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Blade Reflection

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If a character regularly uses a sword of some sort, then the show's opening credits or Stock Footage will almost always include a shot of that character's face reflected in the highly-polished steel of the blade. Another common usage is to have the character's opponent(s) reflected in the blade as a reaction shot.

The characters in those scenes are facing each other, but unlike the Mirrored Confrontation Shot that shows them from a side, this shot allows us to see both character's front faces. Without the reflection, we would have to see one of them from behind.

Remember that Tropes Are Flexible. This trope is usually done with swords, but any object that may show a reflection can be used as well. Sometimes even objects that are not very reflective.


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Examples

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     Anime and Manga  

  • Pictured above is Shana from Shakugan no Shana. Although that's not Shana being reflected.
  • Utena, Touga and Saionji in Revolutionary Girl Utena
  • Sakura in the TV series version of Sakura Wars.
  • Mobile Fighter G Gundam doesn't actually do this with its hero Domon, rather, the sword blade reflects the faces of his eventual companions.
  • The manga of Naruto uses this during a Not So Different moment between Naruto and Gaara: in the aftermath of a fight, the two are facing each other across a giant frog's knife planted in the ground. We see a shot of each of them with half their face visible behind the sword and the other half of their opponent's face reflected in the blade.
  • Yamcha in Dragon Ball's intro.
  • Variant: The opening theme of Princess Resurrection features Hiro's reflection in the side of a chainsaw.
  • In the manga of Kenichi: The Mightiest Disciple, Shigure Kousaka turns the blade reflection to practical use, using it to see what is behind her. Her only blind spot is the part of the blade reflecting her face.
  • While not in the opening credits, Juliet in Romeo X Juliet has a shot of her looking at her reflection off the sword, in the rain during a thunderstorm.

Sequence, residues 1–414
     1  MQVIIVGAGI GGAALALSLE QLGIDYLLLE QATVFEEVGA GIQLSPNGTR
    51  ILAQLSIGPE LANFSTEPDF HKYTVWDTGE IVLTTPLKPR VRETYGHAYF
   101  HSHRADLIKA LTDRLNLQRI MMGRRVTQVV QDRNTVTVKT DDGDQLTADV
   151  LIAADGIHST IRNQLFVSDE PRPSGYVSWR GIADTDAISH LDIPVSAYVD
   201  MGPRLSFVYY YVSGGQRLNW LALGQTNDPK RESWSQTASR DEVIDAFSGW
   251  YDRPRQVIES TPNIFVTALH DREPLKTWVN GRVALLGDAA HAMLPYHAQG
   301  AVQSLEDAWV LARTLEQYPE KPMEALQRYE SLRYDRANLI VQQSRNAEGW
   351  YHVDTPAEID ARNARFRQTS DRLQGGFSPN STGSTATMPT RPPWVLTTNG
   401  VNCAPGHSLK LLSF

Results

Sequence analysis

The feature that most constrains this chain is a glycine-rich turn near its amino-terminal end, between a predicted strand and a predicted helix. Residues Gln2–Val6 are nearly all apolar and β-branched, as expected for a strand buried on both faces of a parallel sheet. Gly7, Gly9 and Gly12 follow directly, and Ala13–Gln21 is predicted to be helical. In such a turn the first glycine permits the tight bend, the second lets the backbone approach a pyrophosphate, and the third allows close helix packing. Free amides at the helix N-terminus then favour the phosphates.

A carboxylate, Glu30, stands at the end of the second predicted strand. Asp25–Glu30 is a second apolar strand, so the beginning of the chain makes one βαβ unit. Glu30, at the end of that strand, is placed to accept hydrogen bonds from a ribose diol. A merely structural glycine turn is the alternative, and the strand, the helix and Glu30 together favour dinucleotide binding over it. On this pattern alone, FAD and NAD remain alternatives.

• Soul Eater: When the human-weapon hybrid Soul is in his weapon form and needs to comment on something to his wielder, his face will occasionally be shown as a reflection on his blade.
    • Most of the other weapons in soul eater do the same.
    • There's also a neat effect in the anime, where the reflection on the blade turns from that of Stein grinning, to an image of the Weapon Spirit also grinning.
  • The Twelve Kingdoms: Youko's reflection in her sword moves the plot at several points. The sword does not seem to be bound by the laws of specular reflection.
  • In Princess Tutu, when Fakir and Mytho get into a sword fight, Mytho sees his reflection in Fakir's sword, leading him to realize what he's become.
  • Hakuouki Record of Jade Blood features a shot of Hijikata reflected in the blade of Sanan's sword as Sanan draws it against him.

     Comic Books  

  • The cover of Y: The Last Man Book 5: Ring of Truth has Yorick and his pet monkey reflected in the blade of Toyota's katana.
  • The famous cover of Hulk #340 (1988) has Wolverine with his claws popped and Joe Fixit being reflected in them as he's about to unleash the Smash.
    • This image (along with a number of other covers relating to one or both of these characters) is replicated in the animated Hulk Vs Wolverine.
    • Wolverine also uses his claws to reflect The Gorgon's stone gaze back on him. You'd think a guy who calls himself The Gorgon would've read the legend of Perseus.
  • Inadvertently used by Blade to defeat Ghost Rider when the Spirits of Vengeance fight the Nightstalkers.
  • From the (first) list of The 40 Worst Rob Liefeld Drawings, example #14 has Shatterstar gripping his sword and looking forward, but the reflection in his sword only makes sense if Cannonball is attacking from his right or if the blade is warped in some impossible way.
  • Ultimate Marvel
    • Ultimatum: Issue #5 starts with Wolverine ready to attack, and Magneto's face is reflected on his claws.
    • Ultimate Spider-Man: In the start of issue 7, both Spider-Man and the Green Goblin are reflected in the eyes of each other.